Beta testing – an obsolete concept?

September 24th, 2013 § 2 comments § permalink

I was invited to be a beta tester recently, and it struck me that I haven’t been seeing calls for beta testers being put out any more.

We want you to test WordPress

It might be that the beta testing period has been subsumed by Lean methodologies. After all, beta testing is about the feedback loop which is implicit in the lean process.

It might be that beta testing is just that much harder on mobile than web, and it was just left behind because it didn’t fit with the ecosystem any more.

But then the feedback loop isn’t visible to me these days. At least in the young startups I’ve been following. From the outside the process most startups seem to follow is: announce idea on Launchrock -> launch MVP -> growth hacking (simplified obviously). As a user of these services I am not asked for feedback, and I don’t usually see any obvious feedback collection mechanisms on the app. Is everyone relying on metrics these days?

Did beta testing lose its value because early beta testers are a very niche segment of the market, or not even a customer segment at all?
When I worked at, we had a dedicated beta testing forum where startups would put out the call and beta testers would jump in, test the products and let loose with their feedback. It wasn’t always easy for the startups to handle it – we had a bunch of very early adopters who had technical backgrounds so they tended to have really high expectations and …. let’s call it brutally honest feedback.
In addition, there’d always be the inevitable drop off in usage. Beta testers would flock to the new shiny, test it and move on. From a startup’s perspective this was a roller coaster ride. They’d get a spike in sign ups and activity, and then have to deal with the lull. Well that was a bummer….

There was one shining example of a success story however. A bunch of us were invited to test out, an asynchronous, multi-player strategy game, and in the process of testing the game, we were all hooked. A bunch of us brought our non-tester friends in – just so we could keep playing while waiting turns on other games! The founders of Weewar were very active in responding to feedback and this was also evident in the product’s evolution. Weewar was eventually acquired by EA Games.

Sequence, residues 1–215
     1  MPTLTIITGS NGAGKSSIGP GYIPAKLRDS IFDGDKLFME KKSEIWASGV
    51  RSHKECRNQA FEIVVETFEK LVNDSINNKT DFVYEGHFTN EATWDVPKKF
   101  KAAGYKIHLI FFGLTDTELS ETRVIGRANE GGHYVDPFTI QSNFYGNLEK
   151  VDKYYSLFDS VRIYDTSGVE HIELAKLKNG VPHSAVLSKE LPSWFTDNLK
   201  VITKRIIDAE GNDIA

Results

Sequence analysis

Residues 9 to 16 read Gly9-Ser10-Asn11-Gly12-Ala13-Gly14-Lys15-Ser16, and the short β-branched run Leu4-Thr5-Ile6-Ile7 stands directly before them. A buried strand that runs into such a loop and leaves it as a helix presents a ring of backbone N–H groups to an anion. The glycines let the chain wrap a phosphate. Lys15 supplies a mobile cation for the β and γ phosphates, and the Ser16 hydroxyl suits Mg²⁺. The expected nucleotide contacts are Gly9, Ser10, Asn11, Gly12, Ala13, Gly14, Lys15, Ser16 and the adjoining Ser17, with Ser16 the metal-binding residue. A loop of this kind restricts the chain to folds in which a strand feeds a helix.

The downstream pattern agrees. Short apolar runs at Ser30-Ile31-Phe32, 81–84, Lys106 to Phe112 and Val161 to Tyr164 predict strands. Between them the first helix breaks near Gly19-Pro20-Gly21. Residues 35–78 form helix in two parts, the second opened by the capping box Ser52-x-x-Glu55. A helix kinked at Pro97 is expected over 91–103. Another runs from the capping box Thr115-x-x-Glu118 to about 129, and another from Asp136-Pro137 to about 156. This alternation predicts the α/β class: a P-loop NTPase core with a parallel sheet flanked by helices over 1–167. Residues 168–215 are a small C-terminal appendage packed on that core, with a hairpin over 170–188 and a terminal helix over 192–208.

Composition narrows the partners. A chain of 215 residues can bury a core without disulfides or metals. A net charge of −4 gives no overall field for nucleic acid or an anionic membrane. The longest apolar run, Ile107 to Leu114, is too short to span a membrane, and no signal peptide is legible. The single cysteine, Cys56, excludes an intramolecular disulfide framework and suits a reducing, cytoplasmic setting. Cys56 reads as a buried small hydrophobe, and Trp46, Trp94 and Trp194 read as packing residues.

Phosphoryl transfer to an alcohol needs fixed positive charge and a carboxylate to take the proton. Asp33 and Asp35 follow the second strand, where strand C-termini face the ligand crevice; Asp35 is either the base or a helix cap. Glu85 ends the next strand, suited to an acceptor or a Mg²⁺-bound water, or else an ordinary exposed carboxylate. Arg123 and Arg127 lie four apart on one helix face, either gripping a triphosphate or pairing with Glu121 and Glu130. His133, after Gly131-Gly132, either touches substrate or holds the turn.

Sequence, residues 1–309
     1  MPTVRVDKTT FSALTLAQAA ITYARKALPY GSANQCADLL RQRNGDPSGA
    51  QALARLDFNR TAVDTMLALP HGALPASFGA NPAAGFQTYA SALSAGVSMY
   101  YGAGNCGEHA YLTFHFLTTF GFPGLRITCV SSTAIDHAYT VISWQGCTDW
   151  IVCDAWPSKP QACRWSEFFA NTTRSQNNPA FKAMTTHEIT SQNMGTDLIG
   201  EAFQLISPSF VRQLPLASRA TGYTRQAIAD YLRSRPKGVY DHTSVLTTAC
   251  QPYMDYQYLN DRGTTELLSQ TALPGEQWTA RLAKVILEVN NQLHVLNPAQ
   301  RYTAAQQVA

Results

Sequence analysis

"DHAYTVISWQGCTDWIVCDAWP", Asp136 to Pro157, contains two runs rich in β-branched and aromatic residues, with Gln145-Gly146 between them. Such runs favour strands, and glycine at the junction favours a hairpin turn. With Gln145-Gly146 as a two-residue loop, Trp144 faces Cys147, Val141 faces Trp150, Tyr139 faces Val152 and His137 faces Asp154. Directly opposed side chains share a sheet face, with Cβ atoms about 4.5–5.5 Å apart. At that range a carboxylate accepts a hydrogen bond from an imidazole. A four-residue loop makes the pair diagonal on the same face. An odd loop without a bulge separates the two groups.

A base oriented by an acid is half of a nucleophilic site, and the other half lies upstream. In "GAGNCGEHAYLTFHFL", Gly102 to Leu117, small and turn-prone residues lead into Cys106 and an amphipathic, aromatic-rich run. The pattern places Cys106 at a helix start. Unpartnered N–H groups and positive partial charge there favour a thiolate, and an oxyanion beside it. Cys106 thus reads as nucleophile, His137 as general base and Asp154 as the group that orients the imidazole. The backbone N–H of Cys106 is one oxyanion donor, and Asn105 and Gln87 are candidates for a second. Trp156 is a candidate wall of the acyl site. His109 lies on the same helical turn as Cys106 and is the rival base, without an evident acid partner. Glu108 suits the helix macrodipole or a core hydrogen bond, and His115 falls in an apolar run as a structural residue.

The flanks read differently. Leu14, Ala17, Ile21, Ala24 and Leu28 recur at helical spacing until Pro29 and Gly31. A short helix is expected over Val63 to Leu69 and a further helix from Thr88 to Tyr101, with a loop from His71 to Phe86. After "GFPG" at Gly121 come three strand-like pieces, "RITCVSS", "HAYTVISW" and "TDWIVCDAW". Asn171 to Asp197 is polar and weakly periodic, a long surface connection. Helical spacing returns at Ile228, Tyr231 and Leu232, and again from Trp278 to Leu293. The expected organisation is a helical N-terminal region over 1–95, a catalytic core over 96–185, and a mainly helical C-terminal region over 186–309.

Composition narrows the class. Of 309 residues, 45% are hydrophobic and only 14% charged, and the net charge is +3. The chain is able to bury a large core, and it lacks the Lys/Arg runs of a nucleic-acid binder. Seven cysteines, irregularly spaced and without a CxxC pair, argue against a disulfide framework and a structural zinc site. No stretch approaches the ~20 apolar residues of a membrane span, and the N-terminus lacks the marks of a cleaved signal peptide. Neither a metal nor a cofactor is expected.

What I think is a big loss with not actively running in a beta testing phase is the feedback loop between startups and users. (I’m not using the term ‘customers’ on purpose.)
There is an implicit social contract at play – as users we will use your product and provide feedback, as startups we will listen and consider the feedback. There is a lot more to this than obvious at first glance. As a user I am more inclined to provide feedback if I know there is a purpose for it. That it will be considered by someone. As a startup it affects how I run my communications strategy, whether or not I include a feedback mechanism into my product, how I manage my backlog.
Beta testing is a state of mind for all involved.

So startups, look at yourselves, evaluate whether running a beta testing phase is a fit, and then do it. You will get invaluable insights into your product’s UX, features and potentially even its future.
And beta testers, instead of throwing out a whinge on Twitter (GUILTY!) hit up the startup’s contact page and make a valuable contribution.

Oh, and the startup that kicked this post off – Formula Legend. Make sure to check em out and sign up if it’s your thing.


Don’t ask me what my New Year’s resolutions are. I don’t make em.

January 5th, 2011 § 0 comments § permalink

No really, I don’t. Actually, I vehemently oppose the practice.

To understand why, we need to go back a bit. When I was a kid, every New Year’s Eve I’d be asked about my resolutions, and I’d loudly proclaim them, having thought about them in preparation.

By the time I was 10 or 12, I was completely disillusioned with the whole thing. Each year started with such promise, such optimism, yet a few months in, I’d feel like I was letting myself and people around me down.

So I stopped.

And here’s the thing – many years later, after being suspended from university and having to essentially start building from scratch, I came to two conclusions.

  1. We are made up of habits.
  2. I suck at lofty but well-intended, noble goals.

This wasn’t a sudden realisation. Oh no, not at all. It came from a dark time, the biggest failure I had faced, a shattered ego and sense of self, unforgiving intense inquiry into my self, my actions, the causes and reasons for getting where I was.

But that first point – that was a major lightbulb moment when I put it together. We get used to acting the way we act, reacting the way we do, living the way we live. We don’t even think about these things on a daily basis. Setting one huge goal for the sake of it blinds us from all the little tiny changes we need to make in order to get there. We set a result without mapping the route. In startup terms – we talk about exit strategies without having done the gruelling product and customer grind.

What works for me is having a vague goal coupled with piecemeal chipping away and constant vigilance. And experimentation. Oh, the glorious data collection! Touching up and tweaking as we go along. Knowing that the 31st of Dec isn’t a deadline. The fun ends when I die dammit!

I’ve been reflecting on and investigating the past year a lot (more on that soon…ish) and have been making use of these ‘processes’ a lot. Processes are consistent slow-release happy pills. That’s much much more than resolutions have ever been for me.

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